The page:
Everyday thousands of children are being sexually abused. You can stop the abuse of at least one child by simply praying. You can possibly stop the abuse of thousands of children by forwarding the link in First Time Visitor? by email, Twitter or Facebook to every Christian you know. Save a child or lots of children!!!! Do Something, please!
3:15 PM prayer in brief:
Pray for God to stop 1 child from being molested today.
Pray for God to stop 1 child molestation happening now.
Pray for God to rescue 1 child from sexual slavery.
Pray for God to save 1 girl from genital circumcision.
Pray for God to stop 1 girl from becoming a child-bride.
If you have the faith pray for 100 children rather than one.
Give Thanks. There is more to this prayer here
Please note: All my writings and comments appear in bold italics in this colour
Thursday, 9 February 2017
Child Sex Abuse Victims Talk About How it Affected Their Relationships
Excellent article in honour of Sexual Abuse and
Sexual Violence Awareness Week
If you are a victim of sexual abuse, remember you are not alone (File Picture: Shutterstock)
If you’re a victim of sexual abuse, a common reaction is
to deny it ever happened.
Admitting it to yourself is hard let alone having the courage
to tell somebody else.
But by not speaking about it, it can have drastic effects on your mental health so it is always advisable to seek support from someone you trust.
Fortunately, there is a lot of help and support available for victims of sexual abuse, such as Victim Support,The Survivors Trust or Survivors UK as well as the Rape Crisis national helpline.
To mark Sexual Abuse and Sexual Violence Awareness week, we spoke to two extremely brave victims of child sex abuse who reveal just how much the abuse affected them.
Do not fear seeking help if you are being or have been abused
(Picture: Ella Byworth for Metro.co.uk)
Amy* was sexually abused by her step-father as a child up until the age of 15 years old.
Her first vivid memory of being abused was when she was 11 years old.
She told Metro.co.uk: ‘One morning I was doing my usual routine, which was to get up, say goodbye to my mum as she headed off to work then have a shower.
‘As I was getting changed my step-father walked in and started sexually abusing me by playing with my chest and genitals area, he then penetrated me.
‘It felt like something was wrong but he told me and assured me it was completely natural.’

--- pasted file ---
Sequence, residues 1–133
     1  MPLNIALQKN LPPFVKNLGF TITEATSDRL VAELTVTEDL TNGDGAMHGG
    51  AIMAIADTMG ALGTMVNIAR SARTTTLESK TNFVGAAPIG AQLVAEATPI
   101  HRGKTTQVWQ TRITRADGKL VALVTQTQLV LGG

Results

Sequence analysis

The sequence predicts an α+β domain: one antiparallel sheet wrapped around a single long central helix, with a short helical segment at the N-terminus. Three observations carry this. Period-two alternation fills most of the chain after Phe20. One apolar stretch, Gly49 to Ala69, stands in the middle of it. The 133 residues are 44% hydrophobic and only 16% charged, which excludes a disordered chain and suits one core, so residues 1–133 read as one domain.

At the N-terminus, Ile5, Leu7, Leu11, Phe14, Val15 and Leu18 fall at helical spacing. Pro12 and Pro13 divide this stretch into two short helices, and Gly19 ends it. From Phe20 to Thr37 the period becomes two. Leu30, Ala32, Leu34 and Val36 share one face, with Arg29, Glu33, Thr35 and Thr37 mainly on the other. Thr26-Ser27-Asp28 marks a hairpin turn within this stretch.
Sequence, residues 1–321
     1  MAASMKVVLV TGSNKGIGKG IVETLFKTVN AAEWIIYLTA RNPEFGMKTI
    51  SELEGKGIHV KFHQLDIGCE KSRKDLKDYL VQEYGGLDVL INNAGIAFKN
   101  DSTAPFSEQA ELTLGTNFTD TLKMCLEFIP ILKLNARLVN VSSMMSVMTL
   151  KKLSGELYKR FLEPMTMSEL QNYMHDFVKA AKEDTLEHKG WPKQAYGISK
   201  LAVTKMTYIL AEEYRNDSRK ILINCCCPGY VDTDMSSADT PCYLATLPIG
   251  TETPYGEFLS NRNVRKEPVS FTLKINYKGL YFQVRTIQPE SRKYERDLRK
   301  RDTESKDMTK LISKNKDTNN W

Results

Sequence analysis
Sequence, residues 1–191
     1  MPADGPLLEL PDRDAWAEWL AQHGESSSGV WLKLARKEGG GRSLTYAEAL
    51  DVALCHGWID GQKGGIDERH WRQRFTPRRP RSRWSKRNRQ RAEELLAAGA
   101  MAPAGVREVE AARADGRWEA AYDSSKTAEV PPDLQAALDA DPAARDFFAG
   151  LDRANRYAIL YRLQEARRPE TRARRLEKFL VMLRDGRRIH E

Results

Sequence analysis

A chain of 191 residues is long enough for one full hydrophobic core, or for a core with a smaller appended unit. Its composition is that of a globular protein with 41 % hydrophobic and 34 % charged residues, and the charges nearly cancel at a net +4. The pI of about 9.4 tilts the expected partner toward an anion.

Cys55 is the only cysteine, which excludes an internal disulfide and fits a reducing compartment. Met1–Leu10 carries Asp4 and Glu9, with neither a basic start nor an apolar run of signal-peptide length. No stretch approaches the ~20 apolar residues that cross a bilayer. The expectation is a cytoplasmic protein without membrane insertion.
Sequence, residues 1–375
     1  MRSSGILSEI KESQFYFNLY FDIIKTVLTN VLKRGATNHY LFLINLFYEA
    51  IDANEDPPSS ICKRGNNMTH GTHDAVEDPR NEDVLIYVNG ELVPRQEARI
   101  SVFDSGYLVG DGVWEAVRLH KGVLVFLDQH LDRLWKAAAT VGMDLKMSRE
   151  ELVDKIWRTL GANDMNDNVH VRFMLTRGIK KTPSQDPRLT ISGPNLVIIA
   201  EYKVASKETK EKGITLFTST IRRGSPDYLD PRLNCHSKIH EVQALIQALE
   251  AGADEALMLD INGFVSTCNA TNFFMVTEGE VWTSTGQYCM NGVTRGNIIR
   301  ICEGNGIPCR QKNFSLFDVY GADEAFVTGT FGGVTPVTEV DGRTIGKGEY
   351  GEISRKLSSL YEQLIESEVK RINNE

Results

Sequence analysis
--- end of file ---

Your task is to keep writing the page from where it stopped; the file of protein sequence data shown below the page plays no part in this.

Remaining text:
Despite knowing her step-father for seven years previously, the abuse continued, becoming more and more regular and more violent.
She said: ‘He would abuse me every weekend when I went to visit him and my mum after school on a Friday until Sunday. And every school holiday including the 6 weeks summer holidays.’
What is sexual assault?
A sexual assault is any sexual act that a person did not consent to,
or is forced into against their will.
It is a form of sexual violence and includes rape.
It also includes groping, forced kissing, child sexual abuse
or the torture of a person in a sexual manner.
This would often involve him walking into her room and touching her without her consent.
‘He made me stand up, bent me over and rubbed his genitals on me until he penetrated. He also got me to rub his genitals to help him penetrate me as it wasn’t easy for him to do so.
‘I was told by my step father that this was natural to do as a teenager, but he said I wasn’t to tell anyone.’
But throughout it all, she didn’t seek help from anyone out of fear of what her step-father would do.
‘I remember on a couple occasions I said no to him and he hated it when I did. I told him when I was 13 that I would tell my mum or someone and he got very angry and he scared me.
‘He told me to keep it hidden and said that if I told anyone he would tell them that I was lying. He did that so that I’d never tell anyone.’
It was only when Amy turned 15 did she get the courage to finally speak out and tell someone about the abuse.
She told us: ‘At the age of 15 I finally decided I was going to tell someone. I visited a very close friend and told her what had been happening. She told me I needed to tell the police, so together we made the call.’
Where you can seek help
If you are a survivor of sexual abuse or sexual violence, here is where you can seek help or support:
Rape Crisis UK – 0808 802 9999
The Survivors Trust – 0808 801 0818
Survivors UK (for male survivors of rape) – 02035983898